She left in haste. The bed lies rumpled, sheet and pyjamas entwined, a pair of black heels are abandoned by the door. The only ‘clue’ is a note pinned by the entrance saying she had no choice but to leave. Your role is immediately transformed from casual visitor to voyeur, and walking around the apartment carries with it the delicious, illicit thrill of peering into somebody else’s life. Even if it’s all make-believe.
Her ‘apartment’ is The Loft, an art space in Lower Parel, Mumbai, and ‘she’ a nameless, fictional character conjured by the curator, Himali Singh Soin. Part of the year-long Square Foot Project, organised by independent art consultant Anupa Mehta and architect Anand Patel, ‘Reconstructing (White) 3’ is an exploration of the paradoxes of space. How it can be reinvented (The Loft, for example, was originally a printing shed in an old mill), sculpted by architecture, ‘folded’ within itself like a Russian Matryoshka doll, and represented in abstract ways through mathematical figures. Space might be public or private —The Loft is the former as much (and arranged) as someone’s home.
At Kunsthaus Zurich’s Museum of Drawers, objects made by various artists are displayed in the drawers of a cabinet previously used for storing reels of sewing silk. This challenge is repeated at The Loft; nine artists were instructed to create works contained within 1 x 1 x 1 white cubes. Here, the curator plays with the idea of a gallery as a benign, neutral ‘white cube’ space. The artworks also function as markers of the life of The Loft’s mysterious occupant. Praneet Soi’s delicately intricate pen drawing on A4 paper—a woman’s face overlaid with sketches of a foot, a hand and a torso—is displayed on an easel, suggesting that it could be a self-portrait. In the bathroom cabinet, Prajakta Potnis’ Shelf Life comprises two medicine bottles overflowing with lifelike solidified bubbles. Posing as the centrepiece in the living room is Gautam Bhatia’s The Good Life. Placed on a circular glass table, this white cube has peepholes on each side looking into the miniature living space of a couple wallowing in wanton overindulgence. Bhatia’s illustrations create an illusion of depth, and the chequered floor narrows to a distant doorway that, literally and metaphorically, leads nowhere. Nearby is Chittrovanu Mazumdar’s wooden box, elaborately carved in floral patterns. Exploring themes of memory, home and loss, this untitled work is a ‘stereo’ playing Bengali folk songs, accompanying a video viewed through a peephole. On the wall is Hema Upadhyay’s The Crazy Dream that Finally Got Over. Framed like an ornamental painting, it appears decorative, yet the strange, delicately cut-out pictures of flowers, birds, fruit, animals and human figures mirror the illogical, subconscious images of dreams.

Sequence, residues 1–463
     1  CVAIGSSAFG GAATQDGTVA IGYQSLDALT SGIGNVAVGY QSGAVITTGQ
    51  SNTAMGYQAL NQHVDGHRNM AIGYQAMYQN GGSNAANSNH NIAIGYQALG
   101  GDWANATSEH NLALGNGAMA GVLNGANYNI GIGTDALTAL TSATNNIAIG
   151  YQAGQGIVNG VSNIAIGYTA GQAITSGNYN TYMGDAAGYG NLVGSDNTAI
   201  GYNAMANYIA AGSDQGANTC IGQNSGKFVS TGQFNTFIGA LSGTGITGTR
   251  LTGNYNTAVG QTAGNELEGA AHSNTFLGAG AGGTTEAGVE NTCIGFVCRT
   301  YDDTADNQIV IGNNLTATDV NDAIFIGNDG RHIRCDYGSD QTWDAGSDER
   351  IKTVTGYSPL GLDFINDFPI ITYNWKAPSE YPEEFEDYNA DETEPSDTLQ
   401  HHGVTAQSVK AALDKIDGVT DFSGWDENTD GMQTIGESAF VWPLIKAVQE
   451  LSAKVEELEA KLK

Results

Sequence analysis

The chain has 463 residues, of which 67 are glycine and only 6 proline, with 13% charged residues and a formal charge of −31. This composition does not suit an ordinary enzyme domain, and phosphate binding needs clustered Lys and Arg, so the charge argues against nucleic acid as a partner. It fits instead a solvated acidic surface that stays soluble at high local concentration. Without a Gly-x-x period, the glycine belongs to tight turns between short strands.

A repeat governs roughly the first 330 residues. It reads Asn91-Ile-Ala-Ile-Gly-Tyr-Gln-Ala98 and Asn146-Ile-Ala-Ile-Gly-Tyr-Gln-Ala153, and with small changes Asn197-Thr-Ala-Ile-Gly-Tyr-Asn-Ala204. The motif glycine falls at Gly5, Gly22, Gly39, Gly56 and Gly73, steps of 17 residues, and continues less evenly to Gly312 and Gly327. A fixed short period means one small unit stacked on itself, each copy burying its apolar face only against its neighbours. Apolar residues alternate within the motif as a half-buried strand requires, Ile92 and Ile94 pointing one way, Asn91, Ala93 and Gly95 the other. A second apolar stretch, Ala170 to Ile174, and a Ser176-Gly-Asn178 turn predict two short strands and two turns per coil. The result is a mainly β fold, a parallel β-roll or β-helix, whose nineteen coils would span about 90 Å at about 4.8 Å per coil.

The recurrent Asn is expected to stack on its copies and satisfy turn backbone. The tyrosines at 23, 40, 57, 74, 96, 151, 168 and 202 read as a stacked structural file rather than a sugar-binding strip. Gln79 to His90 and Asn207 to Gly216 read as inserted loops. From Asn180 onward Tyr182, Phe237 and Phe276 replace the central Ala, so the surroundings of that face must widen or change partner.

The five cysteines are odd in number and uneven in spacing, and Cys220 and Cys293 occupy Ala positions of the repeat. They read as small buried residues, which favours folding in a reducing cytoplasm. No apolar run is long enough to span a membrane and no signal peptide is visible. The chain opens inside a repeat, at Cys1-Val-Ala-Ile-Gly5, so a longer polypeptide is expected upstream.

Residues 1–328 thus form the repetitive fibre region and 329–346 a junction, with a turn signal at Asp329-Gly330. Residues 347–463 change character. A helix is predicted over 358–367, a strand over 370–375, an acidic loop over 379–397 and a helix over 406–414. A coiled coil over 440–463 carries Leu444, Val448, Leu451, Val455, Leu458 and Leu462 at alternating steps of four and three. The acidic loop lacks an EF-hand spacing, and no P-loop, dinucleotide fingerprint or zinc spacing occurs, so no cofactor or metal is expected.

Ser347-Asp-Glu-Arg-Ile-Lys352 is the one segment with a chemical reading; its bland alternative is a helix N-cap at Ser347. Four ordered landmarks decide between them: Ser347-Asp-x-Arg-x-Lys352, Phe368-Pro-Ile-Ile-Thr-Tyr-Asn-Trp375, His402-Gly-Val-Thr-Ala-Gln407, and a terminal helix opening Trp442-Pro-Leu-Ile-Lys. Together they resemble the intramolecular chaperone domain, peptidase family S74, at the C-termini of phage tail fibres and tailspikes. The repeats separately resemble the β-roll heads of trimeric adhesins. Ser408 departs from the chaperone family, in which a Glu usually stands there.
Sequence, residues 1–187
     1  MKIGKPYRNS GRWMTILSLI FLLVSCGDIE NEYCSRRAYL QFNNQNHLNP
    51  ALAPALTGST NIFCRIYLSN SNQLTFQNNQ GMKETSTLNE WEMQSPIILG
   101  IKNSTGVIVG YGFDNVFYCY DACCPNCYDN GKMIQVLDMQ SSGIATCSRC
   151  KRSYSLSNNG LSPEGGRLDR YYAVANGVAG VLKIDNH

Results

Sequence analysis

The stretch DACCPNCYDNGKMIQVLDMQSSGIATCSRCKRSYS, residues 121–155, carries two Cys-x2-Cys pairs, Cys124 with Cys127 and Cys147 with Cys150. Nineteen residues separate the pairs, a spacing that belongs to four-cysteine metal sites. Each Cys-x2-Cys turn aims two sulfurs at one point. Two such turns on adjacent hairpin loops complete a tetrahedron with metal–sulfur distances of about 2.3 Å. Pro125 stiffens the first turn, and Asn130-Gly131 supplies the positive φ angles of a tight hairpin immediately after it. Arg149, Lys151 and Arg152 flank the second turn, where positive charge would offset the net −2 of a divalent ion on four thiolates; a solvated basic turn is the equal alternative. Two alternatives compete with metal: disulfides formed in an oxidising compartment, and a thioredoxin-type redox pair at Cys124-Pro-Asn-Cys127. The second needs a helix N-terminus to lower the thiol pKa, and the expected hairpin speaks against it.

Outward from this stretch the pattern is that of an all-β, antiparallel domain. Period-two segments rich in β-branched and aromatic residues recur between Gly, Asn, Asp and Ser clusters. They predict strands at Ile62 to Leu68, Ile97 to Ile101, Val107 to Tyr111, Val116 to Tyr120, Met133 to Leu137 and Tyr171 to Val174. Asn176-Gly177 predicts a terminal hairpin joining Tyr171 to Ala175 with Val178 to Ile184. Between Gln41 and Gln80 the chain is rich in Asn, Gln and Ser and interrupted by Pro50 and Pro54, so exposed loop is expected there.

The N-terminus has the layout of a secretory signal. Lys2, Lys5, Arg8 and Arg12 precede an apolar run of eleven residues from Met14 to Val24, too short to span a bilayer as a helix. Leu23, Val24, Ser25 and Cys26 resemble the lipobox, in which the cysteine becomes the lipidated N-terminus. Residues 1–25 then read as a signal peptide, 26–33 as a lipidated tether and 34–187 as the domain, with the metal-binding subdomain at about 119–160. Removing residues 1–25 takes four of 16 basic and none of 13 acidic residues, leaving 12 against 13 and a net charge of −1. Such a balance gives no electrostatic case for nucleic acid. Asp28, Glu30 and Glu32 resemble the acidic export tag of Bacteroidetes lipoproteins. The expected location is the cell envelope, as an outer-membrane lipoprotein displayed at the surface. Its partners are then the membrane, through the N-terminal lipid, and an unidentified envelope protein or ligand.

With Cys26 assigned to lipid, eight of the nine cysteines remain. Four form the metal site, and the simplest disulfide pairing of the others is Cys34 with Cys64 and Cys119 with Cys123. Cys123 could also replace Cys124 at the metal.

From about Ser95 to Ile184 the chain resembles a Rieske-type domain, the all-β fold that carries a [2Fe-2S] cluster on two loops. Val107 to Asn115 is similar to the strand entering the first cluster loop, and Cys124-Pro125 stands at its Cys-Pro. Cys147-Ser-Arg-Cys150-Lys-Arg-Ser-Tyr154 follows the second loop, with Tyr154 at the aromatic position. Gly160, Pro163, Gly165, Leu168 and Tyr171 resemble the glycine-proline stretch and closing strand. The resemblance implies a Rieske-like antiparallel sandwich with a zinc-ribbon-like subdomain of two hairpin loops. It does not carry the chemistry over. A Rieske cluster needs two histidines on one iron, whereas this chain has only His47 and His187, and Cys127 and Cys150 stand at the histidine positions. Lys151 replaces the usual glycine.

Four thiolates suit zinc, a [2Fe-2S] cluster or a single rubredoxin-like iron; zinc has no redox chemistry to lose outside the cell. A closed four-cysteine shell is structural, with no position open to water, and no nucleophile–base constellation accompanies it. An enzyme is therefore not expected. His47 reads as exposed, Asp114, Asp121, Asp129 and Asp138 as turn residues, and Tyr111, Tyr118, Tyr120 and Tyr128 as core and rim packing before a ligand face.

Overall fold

As a voyeur, you are encouraged to interact informally with the space, unlike in a gallery. Abir Karmarkar’s To My Father, for instance, lies on the floor on a woolly, black rug. This too is a miniature house, whose roof can be taken off to reveal a gigantic plastic phallus—seemingly a symbol of domineering, restrictive patriarchy. Niyeti Chadha and Zuleikha Chaudhuri’s works occupy the slim spaces between rooms and are both deconstructed cubes—lying on the floor, the former is made of paper and crossed by elegant lines, while the other, suspended from a high beam, is a tangle of wooden frames. An artwork you might search for that no longer ‘exists’ is Mithu Sen’s Instructions for a Painting—a solid cube of ice that melted away on the kitchen counter, leaving lines of poetry on clear glass. Like Alwar Balasubramaniam’s camphor sculptures, this ephemeral piece connects presence and absence. It is about the traces our lives left on a space, as we walk, like the girl, out the door.
Reconstructing (White) 3 will show at The Loft, Mumbai, till 14 July 2012